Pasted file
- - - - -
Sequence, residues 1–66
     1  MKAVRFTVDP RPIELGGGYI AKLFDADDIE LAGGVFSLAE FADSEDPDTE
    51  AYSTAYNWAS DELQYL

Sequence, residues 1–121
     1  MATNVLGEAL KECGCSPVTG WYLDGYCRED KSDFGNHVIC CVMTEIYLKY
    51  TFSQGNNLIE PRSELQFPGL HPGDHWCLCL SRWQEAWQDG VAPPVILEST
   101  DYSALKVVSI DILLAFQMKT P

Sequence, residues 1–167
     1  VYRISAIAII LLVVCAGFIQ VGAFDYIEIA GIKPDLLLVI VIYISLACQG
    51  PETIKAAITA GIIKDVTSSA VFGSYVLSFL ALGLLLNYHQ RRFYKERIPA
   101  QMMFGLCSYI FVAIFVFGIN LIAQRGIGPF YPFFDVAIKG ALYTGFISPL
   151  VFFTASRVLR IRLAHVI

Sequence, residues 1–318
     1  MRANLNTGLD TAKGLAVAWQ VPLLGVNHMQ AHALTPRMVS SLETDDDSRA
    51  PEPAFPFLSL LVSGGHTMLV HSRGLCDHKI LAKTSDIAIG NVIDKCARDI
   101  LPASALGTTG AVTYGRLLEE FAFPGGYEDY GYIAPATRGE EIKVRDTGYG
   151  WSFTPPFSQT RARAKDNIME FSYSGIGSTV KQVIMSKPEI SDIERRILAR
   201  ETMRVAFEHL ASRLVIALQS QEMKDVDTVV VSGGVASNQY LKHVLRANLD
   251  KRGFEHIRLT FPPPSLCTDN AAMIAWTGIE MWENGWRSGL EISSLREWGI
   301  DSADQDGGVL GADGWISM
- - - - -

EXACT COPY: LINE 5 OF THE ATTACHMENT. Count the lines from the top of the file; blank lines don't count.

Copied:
     1  MATNVLGEAL KECGCSPVTG WYLDGYCRED KSDFGNHVIC CVMTEIYLKY